• Pictures, Colors and Emotions: Shaping the UK's E-Tourism Experience

      Schneider, Anke; Loibl, Wilhelm; Hindley, Ann; Vienna University of Economics and Business; University of Chester; University of Chester (Routledge, 2020-03-27)
      The role of online media has become more important for tourism as DMOs try to differentiate through the use of pictures on digital channels, such as websites. The aim is to provide a positive image that has a positive impact on the consumer buying decision. Pictures draw significant amounts of attention and a pictures colour characteristics are critical in maintaining interest through emotional connections. These colour characteristics concern hue, saturation and luminance, which create a positive or negative emotional response in the prospective user. Due to this importance of a pictures colour characteristics on websites, this chapter explores these colour characteristics of pictures on UK DMO websites, in order to determine the positive or negative emotions conveyed to the viewer. Results show that most pictures are neutral but the amount of negatively perceived pictures is very high. It was found that the overall visual e-tourism experience can be improved with only small post-processing changes with minimal danger of distorting reality.
    • Political corruption in Africa: Extraction and power preservation

      Robberts, Theresa (Edward Elgar Publishing, 2020-07-17)
    • Political Dissengagement and Political Hypocrisy: A Hidden Connection

      Prete, M. I.; Guido, Gianluigi; Harris, Phil; Piper, L.; University of Chester and University of Solento (Academy of Marketing, 2015-07-01)
      Best Paper in Track Political Marketing, Academy of Marketing Conference 2015, The Magic in Marketing, University of Limerick, Ireland. In recent elections, modern democracies have witnessed the growing phenomenon of political disengagement, which has produced as a direct consequence the decline or the inconstancy of voting turnout (Dermody and Scullion 2005; Teixeira 1992). This phenomenon is a real threat to the foundations of democratic systems, since the vote is the ultimate expression of legitimacy of candidates and parties, which should in fact be elected by the entire electorate and representing the same. Political engagement is one of the components that most involve the participation of citizens in public life, which also comprises trust in public institutions and politics, the interest in politics, and the active civic participation.
    • Political Marketing, Business & Management Video Collection, Sage Publications

      Harris, Phil; University of Chester (Sage, 2016-08-01)
      Professor Phil Harris explains the place of marketing in the political process. He highlights how politicians use the media to hone their image, how marketing has changed since the 1950s
    • Primogeniture in Turkish Family Owned Businesses: An examination of daughter succession, the impact of national culture on gendered norms and leadership challenge.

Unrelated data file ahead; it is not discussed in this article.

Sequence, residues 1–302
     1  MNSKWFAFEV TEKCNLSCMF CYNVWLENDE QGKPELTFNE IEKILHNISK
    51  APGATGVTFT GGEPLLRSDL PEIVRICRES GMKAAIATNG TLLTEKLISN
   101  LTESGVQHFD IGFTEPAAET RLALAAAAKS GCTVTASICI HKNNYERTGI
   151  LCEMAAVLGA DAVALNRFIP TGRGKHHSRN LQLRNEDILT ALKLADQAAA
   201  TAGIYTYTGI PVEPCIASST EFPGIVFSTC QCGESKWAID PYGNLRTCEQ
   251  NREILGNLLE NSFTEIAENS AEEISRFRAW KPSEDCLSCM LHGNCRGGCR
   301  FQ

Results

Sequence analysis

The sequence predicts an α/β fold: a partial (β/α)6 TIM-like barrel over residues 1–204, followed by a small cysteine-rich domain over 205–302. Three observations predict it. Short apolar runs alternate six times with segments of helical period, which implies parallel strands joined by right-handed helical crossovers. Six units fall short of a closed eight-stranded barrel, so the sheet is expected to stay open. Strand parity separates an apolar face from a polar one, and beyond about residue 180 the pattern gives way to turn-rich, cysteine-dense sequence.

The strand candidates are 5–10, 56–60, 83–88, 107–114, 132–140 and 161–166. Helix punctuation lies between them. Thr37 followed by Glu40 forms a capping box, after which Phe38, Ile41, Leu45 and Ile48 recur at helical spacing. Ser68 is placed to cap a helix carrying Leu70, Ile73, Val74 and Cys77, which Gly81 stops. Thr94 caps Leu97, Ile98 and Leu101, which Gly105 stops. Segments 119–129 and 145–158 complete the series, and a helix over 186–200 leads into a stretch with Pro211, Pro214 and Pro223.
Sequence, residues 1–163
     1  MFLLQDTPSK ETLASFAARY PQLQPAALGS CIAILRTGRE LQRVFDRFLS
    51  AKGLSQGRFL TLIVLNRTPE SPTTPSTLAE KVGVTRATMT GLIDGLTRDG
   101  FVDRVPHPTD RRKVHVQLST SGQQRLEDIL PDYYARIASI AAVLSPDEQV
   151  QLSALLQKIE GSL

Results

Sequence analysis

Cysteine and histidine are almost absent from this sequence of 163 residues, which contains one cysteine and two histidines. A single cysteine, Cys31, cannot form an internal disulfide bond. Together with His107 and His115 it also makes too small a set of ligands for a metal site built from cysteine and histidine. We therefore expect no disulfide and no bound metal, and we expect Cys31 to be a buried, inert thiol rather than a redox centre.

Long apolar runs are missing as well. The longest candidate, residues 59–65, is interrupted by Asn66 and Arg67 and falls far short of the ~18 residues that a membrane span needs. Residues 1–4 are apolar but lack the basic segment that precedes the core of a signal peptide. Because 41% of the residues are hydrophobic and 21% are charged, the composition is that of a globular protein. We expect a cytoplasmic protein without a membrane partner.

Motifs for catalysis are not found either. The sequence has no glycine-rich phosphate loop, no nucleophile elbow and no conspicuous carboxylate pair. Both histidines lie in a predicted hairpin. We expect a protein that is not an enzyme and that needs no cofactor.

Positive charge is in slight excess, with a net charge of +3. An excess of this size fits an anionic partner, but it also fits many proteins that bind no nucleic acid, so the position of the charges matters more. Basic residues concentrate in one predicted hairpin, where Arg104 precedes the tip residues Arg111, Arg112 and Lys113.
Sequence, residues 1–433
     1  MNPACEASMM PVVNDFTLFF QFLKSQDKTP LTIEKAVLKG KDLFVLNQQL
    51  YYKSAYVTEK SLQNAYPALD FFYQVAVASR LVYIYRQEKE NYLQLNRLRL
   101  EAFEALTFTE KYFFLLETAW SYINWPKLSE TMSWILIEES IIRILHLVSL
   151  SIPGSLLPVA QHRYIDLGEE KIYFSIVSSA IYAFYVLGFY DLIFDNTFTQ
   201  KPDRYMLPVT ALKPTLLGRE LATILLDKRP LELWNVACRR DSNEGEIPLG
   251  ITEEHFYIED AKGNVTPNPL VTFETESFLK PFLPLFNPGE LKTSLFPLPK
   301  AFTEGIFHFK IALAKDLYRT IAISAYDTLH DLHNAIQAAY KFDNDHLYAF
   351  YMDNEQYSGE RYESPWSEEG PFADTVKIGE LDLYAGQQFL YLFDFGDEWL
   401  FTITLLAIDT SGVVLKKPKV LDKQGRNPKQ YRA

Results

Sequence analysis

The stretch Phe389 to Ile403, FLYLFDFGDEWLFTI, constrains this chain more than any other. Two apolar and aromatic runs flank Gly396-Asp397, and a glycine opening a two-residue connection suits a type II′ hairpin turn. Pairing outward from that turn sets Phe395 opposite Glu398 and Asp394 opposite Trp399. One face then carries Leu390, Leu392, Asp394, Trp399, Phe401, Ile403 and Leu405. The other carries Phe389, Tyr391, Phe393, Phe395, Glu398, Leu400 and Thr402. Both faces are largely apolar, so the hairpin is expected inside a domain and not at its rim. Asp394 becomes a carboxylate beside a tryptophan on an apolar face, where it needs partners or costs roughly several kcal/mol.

Harris, Phil; Ozdemir, Ozlem; University of Chester; Regents University, London
      Family owned and controlled businesses, which may be owned, controlled or operated by various family members, account for an enormous percentage of global employment, revenues and GDP. Although the majority of well-known companies are family owned, research indicates that unfortunately, only thirty percent of family businesses survive to the second generation. Therefore, successful transfer of the business to the next generation is an important issue for the family business literature. However, although succession is a vital issue for Family Owned Businesses (FOBs), the process is unfortunately very gender biased in most societies, with boys being generally favoured over girls so daughters are always excluded as candidates and other women are seldom considered as successors in family businesses. In many cases, especially in certain cultures, female members of the next generation are not even perceived as a viable option. Even in today’s rapidly changing business climate, primogeniture continues to dominate the value system of family businesses. Primogeniture is an accepted approach to family business succession planning; daughters are only considered for family business succession when all descendants are female or the daughter is the first born. This study aims to identify the reasons behind the primogeniture in Turkish FOBs. The objectives of the study were to examine the key factors identified by the incumbents related with the primogeniture. In this research study, an interpretive methodology was adopted to explore, interpret and to understand meanings of knowledge. For this research, qualitative data were gathered via in-depth open-ended interviews with 20 male FOB owners who have at least one daughter and 20 daughters working at their FOB with their fathers. The questions were designed to measure different facets of FOB demographics and culture to understand their effects on the selection process within Turkish FOBs and gender norms in the context of FOB norms, which influence both family members and the business it. This study investigated daughters’ succession in FOBs in Turkey, a developing country where women are less likely than men to engage in entrepreneurial activities and show that gendered norms are still considered when choosing the successor, in other word, primogeniture still dominates the family business succession process.